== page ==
The women characters are extraordinary in unique ways but they all are defined by their relationships with men – kind of no-no in the feminist world of today. Kaylee, the intuitively brilliant engineer (Jewel Staite) is backwoods girlish-next-door pretty but lovelorn, her crush on the distracted Dr. Tam unrequited. As Second-in-command, Zoe (Gina Torres), married to Wash, banters with the captain and crew in a comfortable way no feminist would ever stomach. Inara (Morena Baccarin) is a courtesan (high-class prostitute and madam) in a fraught non-relationship with Mal. And, of course, the android love-bot Lenore (Nectar Rose, who also appeared in Independence Day with Baldwin) has liberated Mr. Universe (David Krumholtz) from the dangers of feminist-dictated pair-bonding. 

But the woman who steals the show is River Tam. Oh My God, River Tam.

River (played by Summer Glau, more ballerina than actress) is a physical force. As a result of feminist experiments, she is a 90-pound living weapon. She can maul a bar full of customers without breaking a sweat, and her psychic powers allow her to dodge all incoming assaults. She has been trained to believe no weapon in the universe can stop her. Only her brother Simon Tam knows the safe word that causes her to stand down and fall asleep. The “word” is supposedly a Russian phrase: Это курам на смех, pronounced “Eta kooram nah smech”, which translates literally as “that’s laughing for chickens” according to this, and idiomatically as “this is ridiculous”.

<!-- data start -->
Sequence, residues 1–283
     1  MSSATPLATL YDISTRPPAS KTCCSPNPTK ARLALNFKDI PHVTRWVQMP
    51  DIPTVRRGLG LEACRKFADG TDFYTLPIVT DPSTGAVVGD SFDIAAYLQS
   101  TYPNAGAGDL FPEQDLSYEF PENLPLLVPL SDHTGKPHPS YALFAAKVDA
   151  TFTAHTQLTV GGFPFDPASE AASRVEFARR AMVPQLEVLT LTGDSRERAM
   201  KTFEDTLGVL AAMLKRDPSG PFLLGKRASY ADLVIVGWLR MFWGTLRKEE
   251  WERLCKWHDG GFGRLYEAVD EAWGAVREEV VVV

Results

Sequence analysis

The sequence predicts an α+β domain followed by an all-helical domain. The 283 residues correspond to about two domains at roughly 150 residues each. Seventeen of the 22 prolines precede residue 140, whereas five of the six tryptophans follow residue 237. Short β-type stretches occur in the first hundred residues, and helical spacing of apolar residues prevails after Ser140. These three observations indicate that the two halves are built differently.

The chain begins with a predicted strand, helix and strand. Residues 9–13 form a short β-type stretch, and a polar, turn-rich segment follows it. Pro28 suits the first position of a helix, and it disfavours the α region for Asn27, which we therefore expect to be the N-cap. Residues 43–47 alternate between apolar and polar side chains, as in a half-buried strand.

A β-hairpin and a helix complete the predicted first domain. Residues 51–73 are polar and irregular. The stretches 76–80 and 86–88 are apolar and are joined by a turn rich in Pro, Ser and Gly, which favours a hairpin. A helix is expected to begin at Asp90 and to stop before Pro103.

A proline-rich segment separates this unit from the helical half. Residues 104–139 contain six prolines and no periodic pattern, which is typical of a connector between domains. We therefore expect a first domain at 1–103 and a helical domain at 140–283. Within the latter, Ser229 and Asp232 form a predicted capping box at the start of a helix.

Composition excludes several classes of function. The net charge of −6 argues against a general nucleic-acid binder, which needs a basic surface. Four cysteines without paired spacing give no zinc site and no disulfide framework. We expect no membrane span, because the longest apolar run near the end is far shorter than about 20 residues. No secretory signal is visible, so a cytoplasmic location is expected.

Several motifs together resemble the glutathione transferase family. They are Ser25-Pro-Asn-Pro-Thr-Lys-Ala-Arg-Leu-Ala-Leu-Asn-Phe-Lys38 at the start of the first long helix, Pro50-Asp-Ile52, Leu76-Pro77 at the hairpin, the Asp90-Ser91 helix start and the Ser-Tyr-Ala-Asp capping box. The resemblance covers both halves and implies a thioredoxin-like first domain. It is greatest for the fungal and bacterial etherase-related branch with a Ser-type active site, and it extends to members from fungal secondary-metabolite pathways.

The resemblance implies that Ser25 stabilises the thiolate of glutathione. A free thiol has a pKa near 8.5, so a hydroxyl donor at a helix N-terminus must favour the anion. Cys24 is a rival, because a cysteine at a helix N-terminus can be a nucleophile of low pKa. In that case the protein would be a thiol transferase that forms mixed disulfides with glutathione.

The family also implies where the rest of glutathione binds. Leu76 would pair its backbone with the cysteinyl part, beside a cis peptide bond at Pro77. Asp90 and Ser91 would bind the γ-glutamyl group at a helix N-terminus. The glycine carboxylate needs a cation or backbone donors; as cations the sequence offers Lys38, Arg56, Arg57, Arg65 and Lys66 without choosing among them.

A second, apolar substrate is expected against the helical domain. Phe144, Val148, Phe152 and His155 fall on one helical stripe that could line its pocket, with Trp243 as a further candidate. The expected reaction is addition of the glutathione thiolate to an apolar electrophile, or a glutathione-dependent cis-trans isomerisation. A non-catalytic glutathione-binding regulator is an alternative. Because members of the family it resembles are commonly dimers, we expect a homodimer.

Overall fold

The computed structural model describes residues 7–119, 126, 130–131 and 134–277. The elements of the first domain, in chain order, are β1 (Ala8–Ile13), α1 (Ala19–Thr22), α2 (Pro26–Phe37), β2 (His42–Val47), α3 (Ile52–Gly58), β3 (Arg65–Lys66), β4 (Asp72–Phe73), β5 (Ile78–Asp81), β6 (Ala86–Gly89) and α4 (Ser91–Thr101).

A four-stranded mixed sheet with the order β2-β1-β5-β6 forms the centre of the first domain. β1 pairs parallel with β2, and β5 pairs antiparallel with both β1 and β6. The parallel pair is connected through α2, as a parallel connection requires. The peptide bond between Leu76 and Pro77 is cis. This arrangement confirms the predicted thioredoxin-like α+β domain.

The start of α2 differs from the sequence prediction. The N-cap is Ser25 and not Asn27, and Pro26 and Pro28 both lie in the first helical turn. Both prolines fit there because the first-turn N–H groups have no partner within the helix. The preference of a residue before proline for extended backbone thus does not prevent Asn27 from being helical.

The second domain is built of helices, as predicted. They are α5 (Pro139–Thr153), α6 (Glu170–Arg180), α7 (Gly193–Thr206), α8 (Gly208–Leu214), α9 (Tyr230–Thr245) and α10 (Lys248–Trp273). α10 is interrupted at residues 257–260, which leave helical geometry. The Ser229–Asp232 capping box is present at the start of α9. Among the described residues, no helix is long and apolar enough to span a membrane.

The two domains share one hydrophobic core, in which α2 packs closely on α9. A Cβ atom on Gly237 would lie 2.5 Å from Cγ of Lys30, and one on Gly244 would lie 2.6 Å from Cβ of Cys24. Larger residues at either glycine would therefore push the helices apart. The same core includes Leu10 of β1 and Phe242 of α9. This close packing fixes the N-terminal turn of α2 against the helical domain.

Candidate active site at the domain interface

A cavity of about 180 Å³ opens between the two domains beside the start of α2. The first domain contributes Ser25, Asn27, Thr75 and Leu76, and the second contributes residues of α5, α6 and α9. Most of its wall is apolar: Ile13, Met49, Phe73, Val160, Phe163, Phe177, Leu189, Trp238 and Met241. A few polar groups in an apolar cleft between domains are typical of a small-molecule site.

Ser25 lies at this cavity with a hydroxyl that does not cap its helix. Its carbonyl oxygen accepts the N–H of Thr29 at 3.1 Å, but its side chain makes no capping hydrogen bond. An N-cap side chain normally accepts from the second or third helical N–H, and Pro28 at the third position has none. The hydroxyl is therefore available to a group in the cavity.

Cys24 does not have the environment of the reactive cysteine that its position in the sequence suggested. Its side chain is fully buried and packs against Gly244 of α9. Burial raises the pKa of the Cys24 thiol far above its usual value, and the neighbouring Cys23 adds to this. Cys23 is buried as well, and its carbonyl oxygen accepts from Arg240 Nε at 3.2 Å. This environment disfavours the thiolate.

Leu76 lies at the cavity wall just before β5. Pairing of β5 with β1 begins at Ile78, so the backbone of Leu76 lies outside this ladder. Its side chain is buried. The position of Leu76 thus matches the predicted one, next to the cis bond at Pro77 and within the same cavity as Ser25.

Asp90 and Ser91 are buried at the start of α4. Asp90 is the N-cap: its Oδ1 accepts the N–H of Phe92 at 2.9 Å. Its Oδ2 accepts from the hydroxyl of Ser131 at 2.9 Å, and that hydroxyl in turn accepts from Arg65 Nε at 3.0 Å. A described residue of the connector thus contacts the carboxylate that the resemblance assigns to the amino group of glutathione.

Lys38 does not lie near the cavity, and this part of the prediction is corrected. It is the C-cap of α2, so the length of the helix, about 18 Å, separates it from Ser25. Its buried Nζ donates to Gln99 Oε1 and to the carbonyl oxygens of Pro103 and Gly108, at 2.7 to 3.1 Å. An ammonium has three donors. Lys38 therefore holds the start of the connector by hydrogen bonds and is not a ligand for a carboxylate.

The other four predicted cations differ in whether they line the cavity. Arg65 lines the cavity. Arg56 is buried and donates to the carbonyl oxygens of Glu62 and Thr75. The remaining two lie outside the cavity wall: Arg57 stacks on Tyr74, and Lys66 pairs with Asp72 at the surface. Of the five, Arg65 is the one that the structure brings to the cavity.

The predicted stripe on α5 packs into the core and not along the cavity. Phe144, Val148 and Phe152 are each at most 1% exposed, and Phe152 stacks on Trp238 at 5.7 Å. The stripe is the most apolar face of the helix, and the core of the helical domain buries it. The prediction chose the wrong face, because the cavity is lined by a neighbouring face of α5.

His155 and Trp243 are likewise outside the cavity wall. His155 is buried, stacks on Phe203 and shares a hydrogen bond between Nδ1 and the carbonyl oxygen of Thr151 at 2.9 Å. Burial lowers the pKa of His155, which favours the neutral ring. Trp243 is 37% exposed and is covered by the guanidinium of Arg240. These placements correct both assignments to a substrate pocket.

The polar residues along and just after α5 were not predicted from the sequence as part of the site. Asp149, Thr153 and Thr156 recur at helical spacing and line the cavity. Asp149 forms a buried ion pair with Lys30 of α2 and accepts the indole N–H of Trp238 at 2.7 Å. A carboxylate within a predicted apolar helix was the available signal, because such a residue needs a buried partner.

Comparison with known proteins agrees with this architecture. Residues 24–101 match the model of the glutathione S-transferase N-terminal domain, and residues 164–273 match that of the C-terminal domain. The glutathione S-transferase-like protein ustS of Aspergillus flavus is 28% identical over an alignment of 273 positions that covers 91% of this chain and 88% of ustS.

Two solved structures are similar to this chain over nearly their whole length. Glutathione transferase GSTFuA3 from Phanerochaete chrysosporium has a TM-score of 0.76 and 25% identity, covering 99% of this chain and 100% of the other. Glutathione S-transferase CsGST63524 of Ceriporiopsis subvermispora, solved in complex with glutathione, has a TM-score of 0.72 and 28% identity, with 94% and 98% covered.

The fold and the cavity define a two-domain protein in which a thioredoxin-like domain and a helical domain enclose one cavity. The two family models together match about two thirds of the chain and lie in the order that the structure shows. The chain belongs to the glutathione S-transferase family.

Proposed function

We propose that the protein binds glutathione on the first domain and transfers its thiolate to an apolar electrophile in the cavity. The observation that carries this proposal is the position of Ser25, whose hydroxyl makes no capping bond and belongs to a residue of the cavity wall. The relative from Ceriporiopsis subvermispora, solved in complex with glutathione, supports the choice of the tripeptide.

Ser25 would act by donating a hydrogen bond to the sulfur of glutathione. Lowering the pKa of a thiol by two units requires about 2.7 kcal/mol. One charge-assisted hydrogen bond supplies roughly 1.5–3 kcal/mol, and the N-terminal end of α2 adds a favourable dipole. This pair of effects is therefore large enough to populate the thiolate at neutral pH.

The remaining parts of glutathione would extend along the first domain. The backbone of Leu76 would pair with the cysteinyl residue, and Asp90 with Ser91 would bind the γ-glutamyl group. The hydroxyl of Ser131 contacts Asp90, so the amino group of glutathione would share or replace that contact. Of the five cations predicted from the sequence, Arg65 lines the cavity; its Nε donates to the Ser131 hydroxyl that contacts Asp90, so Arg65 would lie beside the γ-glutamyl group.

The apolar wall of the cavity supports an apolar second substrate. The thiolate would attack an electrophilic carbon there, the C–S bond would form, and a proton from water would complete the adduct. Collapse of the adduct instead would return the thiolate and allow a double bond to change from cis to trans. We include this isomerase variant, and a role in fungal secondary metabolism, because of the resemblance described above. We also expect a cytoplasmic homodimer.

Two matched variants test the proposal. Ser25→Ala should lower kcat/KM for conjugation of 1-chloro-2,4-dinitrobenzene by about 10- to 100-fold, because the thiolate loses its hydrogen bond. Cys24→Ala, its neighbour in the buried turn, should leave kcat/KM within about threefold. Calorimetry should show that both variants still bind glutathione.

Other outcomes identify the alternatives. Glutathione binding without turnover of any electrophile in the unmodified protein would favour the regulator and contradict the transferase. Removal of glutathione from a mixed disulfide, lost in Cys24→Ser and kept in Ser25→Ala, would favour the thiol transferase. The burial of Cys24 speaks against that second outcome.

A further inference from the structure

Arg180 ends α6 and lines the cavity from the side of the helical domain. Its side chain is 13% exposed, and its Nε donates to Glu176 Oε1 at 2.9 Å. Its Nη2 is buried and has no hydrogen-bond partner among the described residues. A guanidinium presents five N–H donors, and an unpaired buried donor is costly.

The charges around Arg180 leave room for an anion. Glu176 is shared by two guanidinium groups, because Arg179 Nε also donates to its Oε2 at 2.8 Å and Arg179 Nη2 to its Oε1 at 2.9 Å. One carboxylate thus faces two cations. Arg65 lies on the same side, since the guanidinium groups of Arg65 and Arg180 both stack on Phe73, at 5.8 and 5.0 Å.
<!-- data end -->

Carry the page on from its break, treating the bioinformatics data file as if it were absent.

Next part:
The ballerina roots of actress Glau are on full display. Just watching her saunter about is a revelation of how all walking should be. This is more than grace and more than deliberateness. It is command.

But River Tam’s mind has been shattered by both the abusive feminist conditioning she received and a dark secret she learned when she accidentally read the mind of a touring Alliance bigwig.

The secret: the Alliance deliberately doped, and thereby accidentally poisoned one of their planets named “Miranda”. And the enormity of this secret is destroying River’s brain.

In an effort to feminize and pacify the population, the Alliance terraformers introduced an experimental social engineering chemical called G-23 Paxilon Hydrochlorate, or “Pax”. The resulting “peace” killed 30 million people and the few survivors became monstrous: